Open Access

Association between submaximal and maximal measures of aerobic power in female adolescents


Study aim: To examine the association between two submaximal (physical working capacity at a heart rate of 170 (PWC170) on cycle ergometer test and YMCA Step Test) and maximal measures (maximal oxygen uptake (VO2max)) of aerobic power, as well as to study the repeatability of the aforementioned submaximal measures in physically active female adolescents.

Material and methods: Ten female adolescents, aged 13.4 ± 0.7 years old, all members of a local track and field sport club, performed the PWC170 and YMCA Step Test twice. The tests were separated by an interval of one week. During the second laboratory visit, VO2max was measured during a graded exercise test.

Results: Considering the repeatability of submaximal measures, intraclass correlation coefficient was 0.89 (95% CI 0.55-0.97) and 0.91 (95% CI 0.65-0.98) in absolute and relative to body mass values of PWC170, while it was 0.69 (95% CI -0.27-0.92) with regard to heart rate at the end of step test and 0.78 (95% CI 0.11-0.95) at the end of the first minute of recovery after step test. PWC170 was associated significantly with VO2max in absolute values (r = 0.65, p = 0.04), but not with VO2max relative to body mass values (r = 0.44, p = 0.20). The corresponding relationships between relative PWC170 and VO2max were r = 0.39 (p = 0.27) and r = 0.60 (p = 0.06). Heart rate at the end of the step test was non-significantly related to VO2max in both absolute and relative values (r = -0.53, p = 0.12 and r = -0.61, p = 0.06), whereas respective values of heart rate at the end of the first minute after step test were r = -0.72 (p = 0.02) and r = -0.69 (p = 0.03).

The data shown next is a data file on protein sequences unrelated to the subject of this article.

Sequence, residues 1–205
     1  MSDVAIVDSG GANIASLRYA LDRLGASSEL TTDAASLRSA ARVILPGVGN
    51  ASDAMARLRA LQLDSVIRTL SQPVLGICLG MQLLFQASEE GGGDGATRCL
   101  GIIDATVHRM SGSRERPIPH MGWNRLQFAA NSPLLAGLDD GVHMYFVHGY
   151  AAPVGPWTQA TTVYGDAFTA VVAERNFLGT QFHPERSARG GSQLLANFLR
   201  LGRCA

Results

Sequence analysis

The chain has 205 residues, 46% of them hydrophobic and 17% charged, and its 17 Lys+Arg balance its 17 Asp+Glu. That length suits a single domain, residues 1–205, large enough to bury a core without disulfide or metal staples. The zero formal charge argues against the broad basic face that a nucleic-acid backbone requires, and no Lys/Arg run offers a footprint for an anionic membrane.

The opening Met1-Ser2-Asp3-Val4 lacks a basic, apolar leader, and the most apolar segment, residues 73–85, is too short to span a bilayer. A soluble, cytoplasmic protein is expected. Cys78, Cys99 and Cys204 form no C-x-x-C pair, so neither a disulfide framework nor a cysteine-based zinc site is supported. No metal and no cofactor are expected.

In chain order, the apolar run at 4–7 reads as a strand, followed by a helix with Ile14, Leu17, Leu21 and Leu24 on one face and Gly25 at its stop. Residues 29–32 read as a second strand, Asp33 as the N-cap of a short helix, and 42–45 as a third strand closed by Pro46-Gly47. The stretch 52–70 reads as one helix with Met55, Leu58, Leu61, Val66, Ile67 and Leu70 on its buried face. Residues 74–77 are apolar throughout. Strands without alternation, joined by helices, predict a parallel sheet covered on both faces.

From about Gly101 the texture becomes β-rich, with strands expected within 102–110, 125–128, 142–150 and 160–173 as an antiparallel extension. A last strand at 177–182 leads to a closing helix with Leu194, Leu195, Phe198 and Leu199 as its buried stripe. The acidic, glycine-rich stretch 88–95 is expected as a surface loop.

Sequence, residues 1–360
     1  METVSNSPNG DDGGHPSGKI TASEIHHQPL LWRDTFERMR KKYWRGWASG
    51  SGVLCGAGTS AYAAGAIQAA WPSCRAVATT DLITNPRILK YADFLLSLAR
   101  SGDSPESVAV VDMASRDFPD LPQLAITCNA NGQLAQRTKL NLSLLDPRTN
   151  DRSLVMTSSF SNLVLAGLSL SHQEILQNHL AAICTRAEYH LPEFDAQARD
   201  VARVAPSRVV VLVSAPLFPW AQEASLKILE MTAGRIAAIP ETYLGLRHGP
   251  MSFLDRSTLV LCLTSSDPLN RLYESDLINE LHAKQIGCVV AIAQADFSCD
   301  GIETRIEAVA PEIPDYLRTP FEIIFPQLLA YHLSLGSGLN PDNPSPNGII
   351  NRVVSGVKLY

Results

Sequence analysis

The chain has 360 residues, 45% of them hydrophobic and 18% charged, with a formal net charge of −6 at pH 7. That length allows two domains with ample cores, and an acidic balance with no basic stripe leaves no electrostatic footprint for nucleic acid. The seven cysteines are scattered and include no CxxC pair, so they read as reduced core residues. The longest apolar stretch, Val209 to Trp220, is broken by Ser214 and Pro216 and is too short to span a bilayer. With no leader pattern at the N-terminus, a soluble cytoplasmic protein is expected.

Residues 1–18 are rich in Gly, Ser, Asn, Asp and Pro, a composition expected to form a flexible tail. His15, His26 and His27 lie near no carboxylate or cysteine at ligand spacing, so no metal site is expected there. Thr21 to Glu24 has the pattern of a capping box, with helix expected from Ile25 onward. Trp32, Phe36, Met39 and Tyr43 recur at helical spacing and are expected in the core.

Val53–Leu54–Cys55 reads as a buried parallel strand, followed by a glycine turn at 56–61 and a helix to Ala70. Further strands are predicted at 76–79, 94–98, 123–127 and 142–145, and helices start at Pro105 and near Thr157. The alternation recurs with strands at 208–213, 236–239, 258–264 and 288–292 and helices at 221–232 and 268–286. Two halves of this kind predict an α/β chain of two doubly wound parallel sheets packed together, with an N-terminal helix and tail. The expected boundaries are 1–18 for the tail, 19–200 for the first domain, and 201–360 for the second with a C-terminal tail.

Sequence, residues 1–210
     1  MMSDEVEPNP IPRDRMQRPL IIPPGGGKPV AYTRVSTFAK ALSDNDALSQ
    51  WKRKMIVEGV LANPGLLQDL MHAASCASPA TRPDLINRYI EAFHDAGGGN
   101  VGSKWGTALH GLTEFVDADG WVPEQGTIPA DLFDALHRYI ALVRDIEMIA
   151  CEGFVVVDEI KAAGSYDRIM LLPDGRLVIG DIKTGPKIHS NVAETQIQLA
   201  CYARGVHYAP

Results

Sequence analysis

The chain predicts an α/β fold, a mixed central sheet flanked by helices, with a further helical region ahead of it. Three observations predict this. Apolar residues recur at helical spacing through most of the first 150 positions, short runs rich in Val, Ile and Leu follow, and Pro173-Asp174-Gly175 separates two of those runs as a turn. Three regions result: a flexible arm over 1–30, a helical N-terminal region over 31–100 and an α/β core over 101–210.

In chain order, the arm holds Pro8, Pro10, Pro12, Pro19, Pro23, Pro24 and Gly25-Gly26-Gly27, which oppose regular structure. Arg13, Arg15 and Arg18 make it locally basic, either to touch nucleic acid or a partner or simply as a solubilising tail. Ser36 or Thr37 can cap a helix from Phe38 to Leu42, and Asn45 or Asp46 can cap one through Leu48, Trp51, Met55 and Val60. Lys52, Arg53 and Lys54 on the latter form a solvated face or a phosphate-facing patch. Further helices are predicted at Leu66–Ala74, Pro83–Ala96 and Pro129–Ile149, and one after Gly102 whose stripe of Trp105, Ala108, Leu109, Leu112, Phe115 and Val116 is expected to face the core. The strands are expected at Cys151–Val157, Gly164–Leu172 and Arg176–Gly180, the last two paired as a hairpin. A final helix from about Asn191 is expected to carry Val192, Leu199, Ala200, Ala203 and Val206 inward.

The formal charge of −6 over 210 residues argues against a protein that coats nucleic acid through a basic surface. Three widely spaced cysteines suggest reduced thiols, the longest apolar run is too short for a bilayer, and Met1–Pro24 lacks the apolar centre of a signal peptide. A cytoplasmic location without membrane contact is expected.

Conclusion: These submaximal measures appeared to be valid and reliable, and they were recommended for further use in similar population with the assumption that a familiarization session was preceded.

Publication timeframe:
Volume Open
Journal Subjects:
Medicine, Basic Medical Science, other, Clinical Medicine, Public Health, Sports and Recreation, Physical Education